Friday, September 20, 2013

Superimposed after the fact

In a linkedIN group someone asked what the meaning of this was as they were translating a contract. Since it was unusual I decided to post my response.

The language was included as part of the force majeure clause and one of the force majeure events described was "governmental regulations superimposed after the fact". "Superimposed" means layed on after the fact. Since the contract is effective on the date signed, the "after the fact” is referring to after the execution of the contract. The key in the clause is what does a force majeure event provide? Most force majeure events only provide for an excusable delay in performance. In that context, I would interpret the language to mean that the party proposing it wants an excusable delay in performance if there are any new governmental regulations that are enacted after the execution of the contract.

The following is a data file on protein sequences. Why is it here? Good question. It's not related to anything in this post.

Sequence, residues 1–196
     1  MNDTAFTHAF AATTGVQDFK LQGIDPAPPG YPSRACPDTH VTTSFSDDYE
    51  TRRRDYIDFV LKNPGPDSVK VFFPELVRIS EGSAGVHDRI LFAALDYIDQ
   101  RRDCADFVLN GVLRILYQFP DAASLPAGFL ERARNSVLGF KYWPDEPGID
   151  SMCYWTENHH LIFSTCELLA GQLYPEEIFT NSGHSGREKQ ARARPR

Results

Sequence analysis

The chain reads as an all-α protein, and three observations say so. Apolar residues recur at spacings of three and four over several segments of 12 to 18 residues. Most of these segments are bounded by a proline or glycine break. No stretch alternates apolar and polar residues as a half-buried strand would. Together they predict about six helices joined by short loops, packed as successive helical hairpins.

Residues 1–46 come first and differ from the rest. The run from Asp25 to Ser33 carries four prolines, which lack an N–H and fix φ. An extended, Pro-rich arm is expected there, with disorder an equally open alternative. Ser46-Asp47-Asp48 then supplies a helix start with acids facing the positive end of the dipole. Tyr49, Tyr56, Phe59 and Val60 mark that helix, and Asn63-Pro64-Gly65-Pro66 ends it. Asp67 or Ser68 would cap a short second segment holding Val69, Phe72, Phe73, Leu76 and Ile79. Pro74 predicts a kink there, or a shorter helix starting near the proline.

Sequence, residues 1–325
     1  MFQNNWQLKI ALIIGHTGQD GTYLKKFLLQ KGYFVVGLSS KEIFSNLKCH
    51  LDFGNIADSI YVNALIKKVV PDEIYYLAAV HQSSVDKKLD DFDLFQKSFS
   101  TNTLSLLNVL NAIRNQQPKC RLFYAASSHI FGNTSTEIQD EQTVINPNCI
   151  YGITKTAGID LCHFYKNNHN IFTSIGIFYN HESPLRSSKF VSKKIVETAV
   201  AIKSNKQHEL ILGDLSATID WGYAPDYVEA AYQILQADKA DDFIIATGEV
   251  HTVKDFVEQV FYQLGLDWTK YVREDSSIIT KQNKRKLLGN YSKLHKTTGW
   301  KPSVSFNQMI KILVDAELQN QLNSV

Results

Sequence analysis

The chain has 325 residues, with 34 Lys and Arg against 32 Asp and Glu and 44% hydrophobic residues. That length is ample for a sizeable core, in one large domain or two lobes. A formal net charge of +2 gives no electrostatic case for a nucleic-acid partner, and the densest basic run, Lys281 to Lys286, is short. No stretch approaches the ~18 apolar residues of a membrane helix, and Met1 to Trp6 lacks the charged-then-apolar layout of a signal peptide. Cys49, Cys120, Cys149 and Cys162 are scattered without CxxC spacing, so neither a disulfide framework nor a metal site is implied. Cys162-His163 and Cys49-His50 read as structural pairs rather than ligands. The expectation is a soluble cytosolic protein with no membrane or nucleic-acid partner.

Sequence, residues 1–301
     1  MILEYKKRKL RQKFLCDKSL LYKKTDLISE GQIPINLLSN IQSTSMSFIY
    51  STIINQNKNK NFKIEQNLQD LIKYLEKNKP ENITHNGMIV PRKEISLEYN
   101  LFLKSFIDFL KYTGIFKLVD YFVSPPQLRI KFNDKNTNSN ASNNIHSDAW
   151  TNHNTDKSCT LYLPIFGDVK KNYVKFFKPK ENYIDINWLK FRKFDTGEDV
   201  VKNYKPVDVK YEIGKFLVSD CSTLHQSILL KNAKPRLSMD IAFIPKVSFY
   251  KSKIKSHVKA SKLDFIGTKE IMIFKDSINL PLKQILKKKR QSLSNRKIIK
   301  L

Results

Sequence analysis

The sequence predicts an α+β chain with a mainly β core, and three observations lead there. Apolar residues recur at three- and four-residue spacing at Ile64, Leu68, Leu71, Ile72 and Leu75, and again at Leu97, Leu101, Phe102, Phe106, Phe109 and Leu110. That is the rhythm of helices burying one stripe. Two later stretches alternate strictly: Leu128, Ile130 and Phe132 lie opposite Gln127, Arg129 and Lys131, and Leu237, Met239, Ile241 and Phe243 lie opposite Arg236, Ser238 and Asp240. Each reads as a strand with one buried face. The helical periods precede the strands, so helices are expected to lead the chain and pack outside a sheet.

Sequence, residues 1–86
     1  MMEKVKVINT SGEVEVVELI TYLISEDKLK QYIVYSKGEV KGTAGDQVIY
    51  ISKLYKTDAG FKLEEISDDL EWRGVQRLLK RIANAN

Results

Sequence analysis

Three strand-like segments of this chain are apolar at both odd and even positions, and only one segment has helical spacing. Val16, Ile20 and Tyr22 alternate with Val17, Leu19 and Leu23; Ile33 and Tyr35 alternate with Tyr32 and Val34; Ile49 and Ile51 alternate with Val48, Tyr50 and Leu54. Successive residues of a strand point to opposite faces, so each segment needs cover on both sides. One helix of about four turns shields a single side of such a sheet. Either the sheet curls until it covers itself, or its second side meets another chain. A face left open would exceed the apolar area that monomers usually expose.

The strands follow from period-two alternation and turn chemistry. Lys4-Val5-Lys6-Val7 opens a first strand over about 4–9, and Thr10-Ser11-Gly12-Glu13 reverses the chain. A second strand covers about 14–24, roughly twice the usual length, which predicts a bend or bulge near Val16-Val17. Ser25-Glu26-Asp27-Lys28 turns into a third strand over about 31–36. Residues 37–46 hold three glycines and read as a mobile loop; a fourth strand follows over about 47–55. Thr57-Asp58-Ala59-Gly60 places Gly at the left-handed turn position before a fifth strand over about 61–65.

As governments are constantly publishing new regulations the language was extremely vague. It could be interpreted to give an excusable delay for any new regulations issued. For an item to be a force majeure event I want to see both a cause and effect creates a delay in performance. To do that I would first want it clarified to make sure that the regulations actually apply to the work being performed. I would also want to ensure that complying with those new applicable regulations actually causes a delay in performance.

If I agreed to allow for governmental regulations as a force majeure event, I would want to make it clear what I was agreeing to such as:
"Any governmental regulation enacted after the date of the execution of this Agreement shall be deemed a force majeure event if compliance with the regulation is required for the performance of work and compliance with the regulation causes a delay in performance.”